Week 3: Setting Up Effective Online Learning Experiences
The steps for setting up an effective online learning experience for adult learners should not be that much more different than that of a face-to-face adult class. The most important thing should be the instructor’s connection with the content. Does the instructor have a wealth of background knowledge and experience with the course to help direct and support learning adults or no different than children when it comes to learning we need someone to learn from to. This helps to set up the learning environment and what is expected of students. Learning online only takes place when the instructor and students are engaged in the material and one another.
Online learners depend on each other to build knowledge based on constant feedback from each other. While in a face-to-face class students take notes, take a test and write papers and experience a great deal of interaction with the instructor and peers. With online classes there is this notion that independent discipline is a must. Students must make it a point to read and re-read for understanding how to navigate an online university from the course page to the resources of the course and the university’s library. Students answer discussion questions, post papers and as in this course create blog pages. A lot depends on the clarity of written communication because online is in a sense not in real time. If there’s a question you have an area you can email the instructor for assistance or call during normal business hours (keep in my online means students from all over the world with different time zones). But for the most part there’s a technology support line to help with technical difficulties.
In planning a face-to-face course, many faculty devote significant time to creating and developing lectures. For online teaching, the time spent in preparing lectures transforms into preparing short text, audio or video introductions or mini-lectures, developing and managing threaded discussions, and monitoring other student spaces, such as forums on the course site (Boettcher and Conrad, 2010, p. 65). The instructor should always keep the discussions interesting, because they have an advantage with communicating with students that face-to-face instructors don’t have. Investing time in developing good questions for the discussion boards and planning out the scoring rubrics and evaluation of the discussion boards makes a real difference in how quickly a learning community starts to form in a course (Boettcher and Conrad, 2010, p. 66). I think online students are willing to respond and share more not only about the course but also about themselves opposed to in a face-to-face course. More simply put just keep in touch with students and provide them with as much feedback that fosters positive learning as possible.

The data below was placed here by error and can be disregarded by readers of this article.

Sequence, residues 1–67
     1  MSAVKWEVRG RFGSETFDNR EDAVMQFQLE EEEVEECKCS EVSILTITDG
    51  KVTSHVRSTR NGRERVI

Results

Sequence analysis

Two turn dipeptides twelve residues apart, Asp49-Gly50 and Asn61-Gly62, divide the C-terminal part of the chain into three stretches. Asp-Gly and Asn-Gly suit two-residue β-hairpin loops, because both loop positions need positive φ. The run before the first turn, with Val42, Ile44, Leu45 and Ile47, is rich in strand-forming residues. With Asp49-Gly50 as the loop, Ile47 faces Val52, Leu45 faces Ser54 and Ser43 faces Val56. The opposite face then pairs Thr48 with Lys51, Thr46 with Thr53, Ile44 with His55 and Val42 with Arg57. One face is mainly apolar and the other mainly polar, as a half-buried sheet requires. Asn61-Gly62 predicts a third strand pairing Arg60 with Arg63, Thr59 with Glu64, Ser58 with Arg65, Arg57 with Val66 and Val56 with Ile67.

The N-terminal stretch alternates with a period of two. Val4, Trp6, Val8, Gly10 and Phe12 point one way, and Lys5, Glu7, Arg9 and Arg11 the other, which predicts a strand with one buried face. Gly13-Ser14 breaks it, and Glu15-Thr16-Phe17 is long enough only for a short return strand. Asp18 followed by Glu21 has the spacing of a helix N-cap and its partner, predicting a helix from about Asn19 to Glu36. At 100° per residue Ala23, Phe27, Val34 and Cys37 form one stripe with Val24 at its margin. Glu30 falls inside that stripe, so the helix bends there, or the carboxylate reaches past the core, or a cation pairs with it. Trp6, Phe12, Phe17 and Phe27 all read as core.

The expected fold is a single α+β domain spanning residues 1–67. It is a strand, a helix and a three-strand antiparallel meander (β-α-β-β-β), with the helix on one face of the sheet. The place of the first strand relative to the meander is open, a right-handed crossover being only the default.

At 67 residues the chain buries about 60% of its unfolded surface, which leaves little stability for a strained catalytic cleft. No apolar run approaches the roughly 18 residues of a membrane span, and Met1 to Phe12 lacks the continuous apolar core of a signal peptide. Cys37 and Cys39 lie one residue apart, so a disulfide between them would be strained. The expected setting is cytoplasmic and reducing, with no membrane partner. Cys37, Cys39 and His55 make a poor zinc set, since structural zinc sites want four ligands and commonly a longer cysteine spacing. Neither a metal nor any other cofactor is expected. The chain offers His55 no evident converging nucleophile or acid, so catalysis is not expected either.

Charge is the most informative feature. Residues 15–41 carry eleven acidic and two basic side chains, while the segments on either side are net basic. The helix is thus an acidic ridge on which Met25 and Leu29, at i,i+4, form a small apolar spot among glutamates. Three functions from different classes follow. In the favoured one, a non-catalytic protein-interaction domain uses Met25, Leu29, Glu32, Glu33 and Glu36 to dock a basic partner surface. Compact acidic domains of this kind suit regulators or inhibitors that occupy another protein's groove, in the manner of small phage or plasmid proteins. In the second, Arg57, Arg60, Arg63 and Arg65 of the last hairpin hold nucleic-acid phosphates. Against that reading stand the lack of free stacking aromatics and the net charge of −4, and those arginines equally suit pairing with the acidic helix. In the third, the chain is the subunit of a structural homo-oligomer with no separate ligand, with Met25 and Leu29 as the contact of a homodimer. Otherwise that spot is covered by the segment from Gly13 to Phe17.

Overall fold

Boettcher, J.V. and Conrad, R.M. (2010). The Online Teaching Survival Guide: Simple and
Practical Pedagogical Tips. San Francisco, CA: Jossey-Bass.